Claremont’s brown grass evidence of conservation efforts

You can’t drive down a Claremont street these days without passing a lawn or two that has succumbed to the effects of the drought.

While many residents may long for the days of lush green grass beneath their toes, others consider their brown patch a badge of honor as they comply with the state-imposed mandate of conserving water.

Regardless of your view, Claremont residents can take comfort in knowing that for the second consecutive month, Golden State Water Company has exceeded water conservation reductions mandated by Governor Jerry Brown, with Claremont users decreasing water consumption by a whopping 42 percent in June.

The governor issued the executive order this past April, mandating a 25 percent cut statewide in urban water use by 2016. Individual water districts, depending on their level of water use, were ordered to reduce water consumption between 4 and 36 percent with those districts with a history of heavy water use cutting more.

Claremont was hit with a 32 percent reduction from water use in 2013 and has done well in meeting its monthly conservation goal.

“We’re glad to see the residents complying with the mandate,” Assistant City Manager Colin Tudor said. “It’s important that everyone remain mindful of their water usage. The earlier summer months tend to be more mild, and we’re hopeful that residents will continue to conserve as the temperatures heat up in the months ahead.”

In May 2015, Claremont water consumption decreased by 40 percent compared to May 2013 and with a 42 percent decrease for June 2015 compared to June 2013, it appears residents are getting serious about their conservation efforts.

Perhaps it’s because Claremont residents know that if they don’t maintain at least a 32 percent reduction from the 2013 numbers, they face the possibility of water rations and surcharges for each household from Golden State Water Company. In June, the limit on lawn watering was two days per week and the district issued only one warning and assessed no penalties. That’s an impressive track record.

Providing water to a population of 37,160, the Golden State Water Company Claremont is part of the South Coast hydrologic region that includes the cities of Ventura, Los Angeles, Santa Ana, Riverside, San Bernardino and San Diego, among others.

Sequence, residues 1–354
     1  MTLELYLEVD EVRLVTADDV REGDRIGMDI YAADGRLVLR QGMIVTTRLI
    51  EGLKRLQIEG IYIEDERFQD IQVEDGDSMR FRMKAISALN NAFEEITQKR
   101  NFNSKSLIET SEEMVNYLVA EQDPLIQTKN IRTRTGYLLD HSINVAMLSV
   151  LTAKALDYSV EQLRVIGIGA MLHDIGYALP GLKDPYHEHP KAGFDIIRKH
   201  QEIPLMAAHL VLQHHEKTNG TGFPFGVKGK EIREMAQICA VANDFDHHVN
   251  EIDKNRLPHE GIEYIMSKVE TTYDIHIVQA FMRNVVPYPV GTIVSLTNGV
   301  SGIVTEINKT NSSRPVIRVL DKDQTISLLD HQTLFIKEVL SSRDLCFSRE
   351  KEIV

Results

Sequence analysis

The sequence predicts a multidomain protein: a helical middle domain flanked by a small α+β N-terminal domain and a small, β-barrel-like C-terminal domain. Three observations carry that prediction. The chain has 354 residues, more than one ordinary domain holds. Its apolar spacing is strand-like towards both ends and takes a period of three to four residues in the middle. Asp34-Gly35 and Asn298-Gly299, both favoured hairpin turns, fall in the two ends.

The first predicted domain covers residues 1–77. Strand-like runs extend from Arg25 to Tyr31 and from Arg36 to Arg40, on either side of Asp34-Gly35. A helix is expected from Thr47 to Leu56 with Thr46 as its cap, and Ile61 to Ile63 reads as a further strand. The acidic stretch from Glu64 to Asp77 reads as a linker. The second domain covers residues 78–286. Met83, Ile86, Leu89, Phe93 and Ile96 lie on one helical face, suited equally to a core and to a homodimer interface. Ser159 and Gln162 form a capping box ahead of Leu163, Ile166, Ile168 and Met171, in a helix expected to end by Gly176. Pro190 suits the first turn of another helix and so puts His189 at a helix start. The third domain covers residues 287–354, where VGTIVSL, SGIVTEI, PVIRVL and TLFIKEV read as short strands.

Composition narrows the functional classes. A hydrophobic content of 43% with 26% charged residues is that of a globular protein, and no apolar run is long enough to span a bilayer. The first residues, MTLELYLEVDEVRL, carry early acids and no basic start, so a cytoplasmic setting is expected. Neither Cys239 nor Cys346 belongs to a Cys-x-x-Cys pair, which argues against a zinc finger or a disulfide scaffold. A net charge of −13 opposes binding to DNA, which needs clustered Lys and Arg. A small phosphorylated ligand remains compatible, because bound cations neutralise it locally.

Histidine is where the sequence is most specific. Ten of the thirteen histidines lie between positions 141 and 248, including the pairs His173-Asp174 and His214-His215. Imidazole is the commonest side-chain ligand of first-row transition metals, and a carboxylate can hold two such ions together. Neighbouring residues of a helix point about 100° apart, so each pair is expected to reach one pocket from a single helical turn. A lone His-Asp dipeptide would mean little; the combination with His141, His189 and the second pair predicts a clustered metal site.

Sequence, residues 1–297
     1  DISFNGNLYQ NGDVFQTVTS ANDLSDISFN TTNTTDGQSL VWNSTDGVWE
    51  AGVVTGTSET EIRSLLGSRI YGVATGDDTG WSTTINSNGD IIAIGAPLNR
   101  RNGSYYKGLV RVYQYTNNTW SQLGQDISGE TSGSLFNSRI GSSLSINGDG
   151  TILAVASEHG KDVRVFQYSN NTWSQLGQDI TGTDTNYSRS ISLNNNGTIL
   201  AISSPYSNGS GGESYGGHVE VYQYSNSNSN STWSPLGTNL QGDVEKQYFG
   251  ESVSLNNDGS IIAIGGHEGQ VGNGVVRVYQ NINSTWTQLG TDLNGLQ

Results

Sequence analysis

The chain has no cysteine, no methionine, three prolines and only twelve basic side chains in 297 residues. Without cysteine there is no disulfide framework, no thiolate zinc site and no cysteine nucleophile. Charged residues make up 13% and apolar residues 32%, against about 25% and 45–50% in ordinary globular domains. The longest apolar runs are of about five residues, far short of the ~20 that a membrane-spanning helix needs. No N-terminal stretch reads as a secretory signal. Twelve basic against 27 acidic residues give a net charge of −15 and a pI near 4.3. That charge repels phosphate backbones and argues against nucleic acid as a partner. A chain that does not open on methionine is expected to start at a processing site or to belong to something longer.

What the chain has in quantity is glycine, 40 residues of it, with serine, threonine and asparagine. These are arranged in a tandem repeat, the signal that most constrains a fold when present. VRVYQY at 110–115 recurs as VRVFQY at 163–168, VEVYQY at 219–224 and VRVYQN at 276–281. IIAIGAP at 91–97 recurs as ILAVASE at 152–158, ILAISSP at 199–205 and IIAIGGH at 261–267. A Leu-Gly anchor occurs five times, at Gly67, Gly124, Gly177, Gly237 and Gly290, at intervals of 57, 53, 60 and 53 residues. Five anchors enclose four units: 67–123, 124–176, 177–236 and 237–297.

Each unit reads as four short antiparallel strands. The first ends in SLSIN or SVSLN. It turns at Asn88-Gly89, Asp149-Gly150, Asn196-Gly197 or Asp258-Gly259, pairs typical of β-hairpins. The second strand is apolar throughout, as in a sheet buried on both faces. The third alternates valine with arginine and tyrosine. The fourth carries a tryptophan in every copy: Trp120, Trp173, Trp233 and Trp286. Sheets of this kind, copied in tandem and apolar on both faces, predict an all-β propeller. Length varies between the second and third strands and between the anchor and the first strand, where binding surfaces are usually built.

In June 2015, Golden State Water Company Claremont distributed 239 million gallons of water, a sharp decrease from the 415 million gallons provided in June 2013. Residential use made up 64 percent of total water consumed in the city, with each resident using on average 137 gallons of water a day—a number well above the 97.7-gallon state average.

By comparison, residents in the city of La Verne used an average of 160 gallons of water each day in June 2015, while Pomona residents used an average of 86 gallons per day.

As a whole, urban water districts used 27 percent less water statewide in June 2015 than in 2013.

The next monthly update, with July water-use figures,  is due in late August.

Mandatory statewide water restrictions took effect in May, limiting water to turf in city medians and parks to two days per week. While many other cities have access to reclaimed or recycled water that they’re using on their parks and medians, Claremont does not. Therefore, the city staff is working on alternative plans to deal with the drought and the current restrictions.

The city is already moving forward with plans to re-landscape Shelton Park, the Indian Hill Boulevard medians and Claremont City Hall to reduce turf. The medians on Foothill Boulevard and First Street will have the turf removed and replaced with mulch.

As previously reported in the COURIER, many of the turf areas within city parks have become brown with the reduction of watering to only two days per week, sparking concern from residents who utilize the local sports fields. While passive park turf areas will remain on a two-day-per-week watering schedule, Golden State Water Company recently granted the city one extra day per week of watering to be applied to all athletic fields.

“It’s not for the entire park, just the sports fields,” Mr. Tudor explained.

Just how the city’s additional water day will affect July’s water-use figures is anybody’s guess.

“It may have a slight increase in the city’s water use but we are also decreasing our watering at the more passive parks,” said Mr. Tudor. “We’re trying hard to find a balance.”

The city is using water bags for city trees in the Village and encourages residents to deep-water their own trees as well as city trees in the right of way, at least once a week at the drip line, to ensure tree health during the drought. Deep watering is done less often, but in a way the soaks the roots of the tree slowly and with less wasted water.

To report water wasting or water leaks, call Golden State Water Company at (800) 999-4033. A representative is available 24 hours a day, seven days a week.

—Angela Bailey


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